The painted | Radio-Canada News
Discovering the lost script
At tattoo artist Romeo Reyes’ studio in Richmond, BC, an ancient style of Filipino art and writing is alive and well – with a modern twist
Reyes transforms baybayin scripts, a style of writing used by indigenous Filipinos in the 16th and 17th centuries, before the period of Spanish colonization, in the art of tattooing.
“I didn’t realize we had our own writing system,” Reyes said. “Everyone knows Japanese, Chinese writing… it made me even more proud to be Filipino.”
Reyes says he found out baybayin several years ago at a talk by Christian Cabuay, an artist and translator who wrote a book on this distinct writing style, and who often translates requests from Reyes’ clients.
Reyes says that while tattoos are often stigmatized in Filipino families, many of whom often have deeply religious origins, they were a part of everyday life before colonization.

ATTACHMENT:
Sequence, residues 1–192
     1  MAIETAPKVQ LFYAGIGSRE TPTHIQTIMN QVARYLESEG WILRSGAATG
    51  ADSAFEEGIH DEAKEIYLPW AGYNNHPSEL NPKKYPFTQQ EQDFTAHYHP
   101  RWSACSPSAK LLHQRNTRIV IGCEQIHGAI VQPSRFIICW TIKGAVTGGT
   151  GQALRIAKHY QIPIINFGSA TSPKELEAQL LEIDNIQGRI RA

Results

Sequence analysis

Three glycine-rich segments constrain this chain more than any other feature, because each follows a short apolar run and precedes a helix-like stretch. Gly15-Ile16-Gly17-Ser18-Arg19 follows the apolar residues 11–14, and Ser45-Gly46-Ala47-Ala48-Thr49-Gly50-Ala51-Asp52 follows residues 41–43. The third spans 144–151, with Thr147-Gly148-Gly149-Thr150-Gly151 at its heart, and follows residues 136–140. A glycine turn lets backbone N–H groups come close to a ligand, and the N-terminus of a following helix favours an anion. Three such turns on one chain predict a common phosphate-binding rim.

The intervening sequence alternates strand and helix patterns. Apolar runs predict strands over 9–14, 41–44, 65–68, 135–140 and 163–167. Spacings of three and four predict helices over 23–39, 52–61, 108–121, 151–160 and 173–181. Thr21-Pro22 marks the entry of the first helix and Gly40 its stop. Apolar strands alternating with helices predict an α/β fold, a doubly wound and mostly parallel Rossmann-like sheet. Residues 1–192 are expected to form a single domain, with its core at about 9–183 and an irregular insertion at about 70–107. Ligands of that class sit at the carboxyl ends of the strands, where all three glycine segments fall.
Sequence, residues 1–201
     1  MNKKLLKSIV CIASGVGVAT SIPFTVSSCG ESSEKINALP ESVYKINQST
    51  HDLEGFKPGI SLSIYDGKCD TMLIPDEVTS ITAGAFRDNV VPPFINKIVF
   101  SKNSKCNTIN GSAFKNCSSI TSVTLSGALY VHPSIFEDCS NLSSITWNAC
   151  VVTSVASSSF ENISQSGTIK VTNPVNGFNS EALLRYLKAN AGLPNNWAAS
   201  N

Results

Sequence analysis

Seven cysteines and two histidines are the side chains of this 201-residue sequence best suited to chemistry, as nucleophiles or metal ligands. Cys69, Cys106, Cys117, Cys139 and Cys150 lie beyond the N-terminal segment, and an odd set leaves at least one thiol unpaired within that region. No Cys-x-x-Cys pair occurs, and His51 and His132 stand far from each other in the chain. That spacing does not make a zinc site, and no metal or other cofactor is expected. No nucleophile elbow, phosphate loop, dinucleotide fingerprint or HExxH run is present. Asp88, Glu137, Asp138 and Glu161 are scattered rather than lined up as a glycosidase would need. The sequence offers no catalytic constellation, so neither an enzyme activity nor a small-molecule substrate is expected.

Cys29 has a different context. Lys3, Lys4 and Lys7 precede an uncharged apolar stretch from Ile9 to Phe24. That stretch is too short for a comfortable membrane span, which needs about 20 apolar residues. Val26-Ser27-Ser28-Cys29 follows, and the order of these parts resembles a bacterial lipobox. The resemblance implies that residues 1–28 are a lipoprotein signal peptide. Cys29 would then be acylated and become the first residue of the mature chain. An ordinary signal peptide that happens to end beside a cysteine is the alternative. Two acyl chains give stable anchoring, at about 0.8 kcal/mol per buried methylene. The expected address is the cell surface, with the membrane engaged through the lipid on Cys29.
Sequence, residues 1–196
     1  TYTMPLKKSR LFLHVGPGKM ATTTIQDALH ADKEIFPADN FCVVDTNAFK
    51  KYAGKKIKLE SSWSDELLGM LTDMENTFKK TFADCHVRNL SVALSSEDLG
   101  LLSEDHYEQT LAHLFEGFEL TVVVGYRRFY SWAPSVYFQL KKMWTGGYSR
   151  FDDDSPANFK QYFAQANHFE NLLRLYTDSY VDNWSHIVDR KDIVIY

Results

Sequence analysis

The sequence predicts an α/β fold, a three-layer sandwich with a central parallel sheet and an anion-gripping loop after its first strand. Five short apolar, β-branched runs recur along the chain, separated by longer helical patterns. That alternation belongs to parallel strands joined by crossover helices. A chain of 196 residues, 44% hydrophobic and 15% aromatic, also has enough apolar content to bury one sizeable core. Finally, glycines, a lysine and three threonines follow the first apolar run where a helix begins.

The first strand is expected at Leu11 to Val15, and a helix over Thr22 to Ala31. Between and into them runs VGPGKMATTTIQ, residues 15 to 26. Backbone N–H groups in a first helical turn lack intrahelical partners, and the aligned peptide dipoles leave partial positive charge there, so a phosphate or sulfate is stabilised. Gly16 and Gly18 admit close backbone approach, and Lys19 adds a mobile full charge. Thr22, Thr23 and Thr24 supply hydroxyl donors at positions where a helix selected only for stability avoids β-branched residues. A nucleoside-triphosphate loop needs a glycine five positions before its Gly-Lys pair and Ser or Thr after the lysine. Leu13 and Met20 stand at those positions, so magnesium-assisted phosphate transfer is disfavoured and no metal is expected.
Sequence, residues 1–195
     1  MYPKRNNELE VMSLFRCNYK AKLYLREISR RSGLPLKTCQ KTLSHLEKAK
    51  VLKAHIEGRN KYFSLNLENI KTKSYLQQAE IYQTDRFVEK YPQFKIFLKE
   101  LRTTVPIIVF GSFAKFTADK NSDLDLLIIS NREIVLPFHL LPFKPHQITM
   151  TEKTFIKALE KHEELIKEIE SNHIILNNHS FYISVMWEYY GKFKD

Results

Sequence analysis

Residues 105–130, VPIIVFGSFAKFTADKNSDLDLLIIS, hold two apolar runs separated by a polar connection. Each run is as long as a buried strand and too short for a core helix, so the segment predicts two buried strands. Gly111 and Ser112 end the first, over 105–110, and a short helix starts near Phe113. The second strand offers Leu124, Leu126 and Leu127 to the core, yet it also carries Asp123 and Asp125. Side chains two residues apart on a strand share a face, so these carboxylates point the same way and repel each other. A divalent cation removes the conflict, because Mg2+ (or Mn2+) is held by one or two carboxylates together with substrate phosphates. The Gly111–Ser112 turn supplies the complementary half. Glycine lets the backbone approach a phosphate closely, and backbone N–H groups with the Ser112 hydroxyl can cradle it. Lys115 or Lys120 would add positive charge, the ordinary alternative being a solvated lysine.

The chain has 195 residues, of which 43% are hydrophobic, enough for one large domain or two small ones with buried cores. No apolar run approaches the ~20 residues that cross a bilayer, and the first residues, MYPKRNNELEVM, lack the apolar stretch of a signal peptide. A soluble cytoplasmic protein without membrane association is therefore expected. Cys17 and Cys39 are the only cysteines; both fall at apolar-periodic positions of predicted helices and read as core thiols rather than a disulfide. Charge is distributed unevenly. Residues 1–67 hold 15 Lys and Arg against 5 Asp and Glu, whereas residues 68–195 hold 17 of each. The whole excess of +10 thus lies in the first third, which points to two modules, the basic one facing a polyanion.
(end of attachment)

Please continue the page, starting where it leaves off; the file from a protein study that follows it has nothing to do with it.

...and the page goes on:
“We were tribes… from the start all Filipinos were tattooed,” he said.
“We were never really Catholics or Christians. It was imposed on us, or imposed on us, by the Spaniards. Even King Philip, when he saw the Philippines, he called it as’ the island of the painted people. ‘or the’ painted. ‘”
Reyes, eager for this connection to his past, received his first batok design by Wilcken in 2018.
Since then, he has tried to educate Filipinos in his social circle in Vancouver on these ancient practices.
“Every time I tell my fellow Filipinos about it, especially … the younger ones, they’re excited. They’re like, ‘What? We have our own writing system? That’s so cool,'” did he declare.
“Because of … colonialism, this and many other parts of the culture have been all but erased … this is something that needs to be shared.”
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